A new North Carolina State University study challenges common assumptions connecting electric vehicles and lower emissions.
Joseph DeCarolis is an assistant professor of Civil, Construction and Environmental Engineering at NC State. He says, believe it or not, electric drive vehicles or EDVs, have little impact on reducing emissions of nasty air pollutants like carbon dioxide and sulfur dioxide.
“There’s no free lunch with this stuff," said DeCarolis.
DeCarolis says even if as many as 40-percent of passenger cars on the road were electric, national emissions wouldn’t change much.
“It’s not a good idea for policy makers to simply incentivize the purchase of these vehicles and expect emission benefits to accrue," said DeCarolis.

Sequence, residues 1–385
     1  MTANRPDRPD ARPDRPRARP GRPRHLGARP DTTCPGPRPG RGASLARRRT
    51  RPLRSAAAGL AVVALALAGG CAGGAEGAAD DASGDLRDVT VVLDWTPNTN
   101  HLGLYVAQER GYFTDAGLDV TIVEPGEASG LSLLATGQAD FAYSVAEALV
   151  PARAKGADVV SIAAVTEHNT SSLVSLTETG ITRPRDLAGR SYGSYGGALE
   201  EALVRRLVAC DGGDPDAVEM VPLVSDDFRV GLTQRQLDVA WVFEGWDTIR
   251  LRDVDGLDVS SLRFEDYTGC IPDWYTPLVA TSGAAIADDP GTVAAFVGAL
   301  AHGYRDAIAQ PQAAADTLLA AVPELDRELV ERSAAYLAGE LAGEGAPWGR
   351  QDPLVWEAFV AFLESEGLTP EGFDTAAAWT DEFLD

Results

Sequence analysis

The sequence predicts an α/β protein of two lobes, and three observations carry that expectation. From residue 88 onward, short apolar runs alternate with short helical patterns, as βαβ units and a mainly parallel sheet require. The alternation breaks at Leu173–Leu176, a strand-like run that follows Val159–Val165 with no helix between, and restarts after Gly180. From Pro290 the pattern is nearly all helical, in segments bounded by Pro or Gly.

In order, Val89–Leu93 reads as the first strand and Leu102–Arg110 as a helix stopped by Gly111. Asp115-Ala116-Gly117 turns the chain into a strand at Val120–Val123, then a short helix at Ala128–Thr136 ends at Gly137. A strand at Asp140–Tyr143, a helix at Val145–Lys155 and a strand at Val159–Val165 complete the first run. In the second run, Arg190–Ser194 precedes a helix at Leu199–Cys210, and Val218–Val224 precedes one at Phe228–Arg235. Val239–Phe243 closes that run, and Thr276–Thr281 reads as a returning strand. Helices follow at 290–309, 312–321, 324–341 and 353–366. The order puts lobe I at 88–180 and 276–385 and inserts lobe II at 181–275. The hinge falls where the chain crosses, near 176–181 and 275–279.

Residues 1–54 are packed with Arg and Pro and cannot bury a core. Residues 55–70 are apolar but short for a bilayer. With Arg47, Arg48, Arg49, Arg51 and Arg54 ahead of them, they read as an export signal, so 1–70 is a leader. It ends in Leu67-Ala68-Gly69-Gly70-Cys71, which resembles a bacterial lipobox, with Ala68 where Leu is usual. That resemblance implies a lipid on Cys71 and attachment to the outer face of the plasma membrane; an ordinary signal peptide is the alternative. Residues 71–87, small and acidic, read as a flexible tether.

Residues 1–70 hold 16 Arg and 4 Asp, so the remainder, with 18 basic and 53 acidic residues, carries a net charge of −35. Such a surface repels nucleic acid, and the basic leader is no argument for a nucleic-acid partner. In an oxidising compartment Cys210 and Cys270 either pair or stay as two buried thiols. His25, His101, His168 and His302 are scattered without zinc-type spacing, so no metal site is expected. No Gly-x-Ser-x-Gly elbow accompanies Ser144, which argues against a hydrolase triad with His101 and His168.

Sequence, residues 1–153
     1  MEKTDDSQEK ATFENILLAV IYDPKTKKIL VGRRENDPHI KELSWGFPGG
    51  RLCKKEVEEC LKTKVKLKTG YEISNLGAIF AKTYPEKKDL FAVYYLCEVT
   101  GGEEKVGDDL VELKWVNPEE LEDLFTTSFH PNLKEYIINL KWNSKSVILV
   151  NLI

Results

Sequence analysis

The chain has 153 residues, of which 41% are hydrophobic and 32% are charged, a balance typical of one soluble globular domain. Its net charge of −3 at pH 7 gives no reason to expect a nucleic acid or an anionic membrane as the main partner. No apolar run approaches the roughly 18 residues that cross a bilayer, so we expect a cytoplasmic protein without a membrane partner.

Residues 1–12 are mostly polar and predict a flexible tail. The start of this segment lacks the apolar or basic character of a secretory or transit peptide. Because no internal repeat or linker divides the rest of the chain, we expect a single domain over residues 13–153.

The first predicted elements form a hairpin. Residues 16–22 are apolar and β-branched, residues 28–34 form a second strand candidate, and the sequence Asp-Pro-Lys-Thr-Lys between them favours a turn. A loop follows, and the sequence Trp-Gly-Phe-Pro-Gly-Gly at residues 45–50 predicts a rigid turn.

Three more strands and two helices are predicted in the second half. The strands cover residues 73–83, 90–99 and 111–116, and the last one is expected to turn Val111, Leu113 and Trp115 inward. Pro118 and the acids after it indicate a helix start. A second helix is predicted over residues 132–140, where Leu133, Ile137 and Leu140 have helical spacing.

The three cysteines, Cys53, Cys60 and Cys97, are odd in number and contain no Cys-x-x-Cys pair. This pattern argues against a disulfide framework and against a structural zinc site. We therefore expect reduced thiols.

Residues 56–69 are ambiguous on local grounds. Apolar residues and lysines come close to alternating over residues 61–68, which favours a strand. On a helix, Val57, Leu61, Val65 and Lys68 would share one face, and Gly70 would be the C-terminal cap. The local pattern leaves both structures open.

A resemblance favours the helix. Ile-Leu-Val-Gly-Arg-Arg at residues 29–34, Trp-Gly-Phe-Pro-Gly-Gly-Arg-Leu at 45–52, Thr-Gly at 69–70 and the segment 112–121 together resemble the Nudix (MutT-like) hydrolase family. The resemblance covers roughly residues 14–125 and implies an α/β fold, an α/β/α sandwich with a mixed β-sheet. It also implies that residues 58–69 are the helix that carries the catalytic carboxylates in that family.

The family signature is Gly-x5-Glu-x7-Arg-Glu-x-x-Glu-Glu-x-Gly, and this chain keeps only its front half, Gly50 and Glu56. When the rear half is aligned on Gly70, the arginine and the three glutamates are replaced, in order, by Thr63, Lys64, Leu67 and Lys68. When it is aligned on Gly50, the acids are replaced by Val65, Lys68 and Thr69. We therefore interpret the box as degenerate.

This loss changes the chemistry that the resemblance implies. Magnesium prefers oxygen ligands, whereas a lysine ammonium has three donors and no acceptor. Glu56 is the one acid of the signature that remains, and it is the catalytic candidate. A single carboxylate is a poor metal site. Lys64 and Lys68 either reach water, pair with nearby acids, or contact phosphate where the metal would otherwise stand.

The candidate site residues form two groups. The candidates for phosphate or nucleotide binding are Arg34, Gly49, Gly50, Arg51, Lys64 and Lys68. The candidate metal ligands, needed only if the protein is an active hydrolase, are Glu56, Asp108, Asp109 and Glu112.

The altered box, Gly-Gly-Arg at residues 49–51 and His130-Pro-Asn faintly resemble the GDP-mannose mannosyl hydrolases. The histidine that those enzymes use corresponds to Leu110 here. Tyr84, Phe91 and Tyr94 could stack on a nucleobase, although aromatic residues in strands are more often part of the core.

DeCarolis says what could affect U.C. emissions is the cost of oil, the cost of natural gas and the cost of batteries.
“If you charge a plug-in hybrid or a battery electric vehicle with dirty electricity, you’re just exchanging tail pipe emissions for upstream emissions from electric power," said DeCarolis. " I think we expected to see, though, some effect of an emissions benefit, some sub-set of the scenarios. It was just hard to find that.”
DeCarolis is senior author of the article, “How Much Do Electric Drive Vehicles Matter to Future U-S Emissions," published in the journal Environmental Science and Technology.